In the 1980’s, the first reverse-orientation copy of an “antisense” gene in a tomato (taking out a gene in the chromosome and putting it back in backwards) which slowed the ripening of the tomato. This tomato was deemed ‘not profitable’ and the project stopped.
Today, the GE techniques predominantly involve insect-resistant varieties of cotton and corn, herbicide-tolerant soybean, corn, canola, and alfalfa, and virus-resistant papaya and squash.Almost nothing in common with Plant Breeding.
Take a look at this link about the productivity of slaves,from an author writing in the 1850s: http://www.thelatinlibrary.com/chron/civilwarnotes/helper.html
“Uncle Tom’s Cabin, although detested in Dixie, could be dismissed by many Southerners as sentimental rubbish from a Yankee preacher’s wife who knew little about the South’s “peculiar institution.” Helper, however, was born in Rowan County, N.C., on December 27, 1829, and his father, who died a year after Hinton’s birth, worked a small farm and owned a few slaves. Nor could The Impending Crisis be in any way considered a mawkish romance. This was a book that hammered the reader with statistic after statistic, remorselessly piling up evidence that slavery was the only reason the South had fallen behind the North in almost every area of achievement—wealth, productivity, population, literacy, culture—and had descended to what Helper called “a state of comparative imbecility and obscurity.” Slavery, he said, “was the most hateful and horrible word that was ever incorporated into the vocabulary of human economy.”
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More: “…..The book cited numerous authors from both North and South—as well as from other countries—who concurred with Helper’s abolitionism. He marshaled quotations from, among others, George Washington, Thomas Jefferson, James Monroe, Alexander Hamilton and John Jay, along with economists, French philosophers and Biblical prophets. Helper returned to statistics to contrast North and South in areas such as manufacturing, exports, canals, railroads, bank capital, public schools, libraries, newspapers and literacy. He ruefully concluded that “our indignation is struck almost dumb at this astounding and revolting display of the awful wreck that slavery is leaving behind it in the South.”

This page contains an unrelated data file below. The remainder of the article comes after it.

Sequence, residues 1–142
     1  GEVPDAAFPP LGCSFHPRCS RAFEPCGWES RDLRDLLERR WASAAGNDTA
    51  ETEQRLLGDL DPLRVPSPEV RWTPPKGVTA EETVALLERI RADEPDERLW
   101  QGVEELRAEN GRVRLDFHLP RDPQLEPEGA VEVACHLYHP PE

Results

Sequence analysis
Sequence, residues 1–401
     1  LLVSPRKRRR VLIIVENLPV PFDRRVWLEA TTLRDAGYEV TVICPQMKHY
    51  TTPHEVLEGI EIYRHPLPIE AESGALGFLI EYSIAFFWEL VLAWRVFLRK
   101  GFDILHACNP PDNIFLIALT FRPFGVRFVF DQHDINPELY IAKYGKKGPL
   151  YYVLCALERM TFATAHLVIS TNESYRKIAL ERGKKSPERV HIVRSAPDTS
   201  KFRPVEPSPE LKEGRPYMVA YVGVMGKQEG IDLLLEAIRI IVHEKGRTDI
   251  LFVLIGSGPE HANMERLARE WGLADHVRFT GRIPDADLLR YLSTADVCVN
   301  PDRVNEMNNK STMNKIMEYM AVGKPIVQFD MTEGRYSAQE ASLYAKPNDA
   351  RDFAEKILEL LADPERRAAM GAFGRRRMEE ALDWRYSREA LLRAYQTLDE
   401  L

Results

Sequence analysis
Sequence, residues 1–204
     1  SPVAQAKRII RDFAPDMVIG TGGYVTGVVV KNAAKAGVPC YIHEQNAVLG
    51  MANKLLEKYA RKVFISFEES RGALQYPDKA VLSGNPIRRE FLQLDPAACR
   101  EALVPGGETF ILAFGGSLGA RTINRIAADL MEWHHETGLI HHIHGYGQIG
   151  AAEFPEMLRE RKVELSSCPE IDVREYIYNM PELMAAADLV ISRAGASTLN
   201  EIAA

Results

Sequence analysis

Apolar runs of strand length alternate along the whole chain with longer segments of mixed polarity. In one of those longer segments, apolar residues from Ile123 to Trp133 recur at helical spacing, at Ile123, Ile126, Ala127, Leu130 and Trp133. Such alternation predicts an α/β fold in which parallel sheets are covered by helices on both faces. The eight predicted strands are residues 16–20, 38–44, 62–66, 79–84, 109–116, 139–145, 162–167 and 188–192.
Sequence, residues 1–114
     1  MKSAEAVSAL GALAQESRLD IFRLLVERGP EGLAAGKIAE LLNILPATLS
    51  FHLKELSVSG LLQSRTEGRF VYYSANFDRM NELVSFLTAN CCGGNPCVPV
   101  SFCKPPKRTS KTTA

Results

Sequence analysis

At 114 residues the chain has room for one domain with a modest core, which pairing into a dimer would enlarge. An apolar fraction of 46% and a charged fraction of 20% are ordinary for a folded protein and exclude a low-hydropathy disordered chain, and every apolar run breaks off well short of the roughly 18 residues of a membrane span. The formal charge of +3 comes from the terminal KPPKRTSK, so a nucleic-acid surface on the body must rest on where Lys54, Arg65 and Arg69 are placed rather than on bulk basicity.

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Ironically, the argument that new cotton breeds increased global cotton volume only confirms Baptist’s point, that the pushing system increased productivity. How do you pick the more productive cotton plants? With more efficient pickers and/or more slaves. Baptist’s point was to show how important the pushing system, and torture/coercion, were to the explosion in cotton productivity. Baptist even states this clearly in the book, to paraphrase, “picking was the bottleneck of the entire productive process”. A better analysis would be to look at volume of cotton picked for the particular cultivar of cotton that proved to be more productive in parts of the world where labor was “free” (though this is a stretch for British colonies). If the volume of cotton picked was very similar than this line of thinking may be valid, but as of yet it only confirms Baptist’s argument. Remember, the picking was the sticking point for planters, not the plant breed, this was before industrial agriculture. Unpicked and moldy bolls are not much use to cotton planters in global markets. If the plant becomes more productive than the “worker”, whether animal, machine, or human must follow suit.
That issue is addressed in the post “Baptism by Blood Cotton”.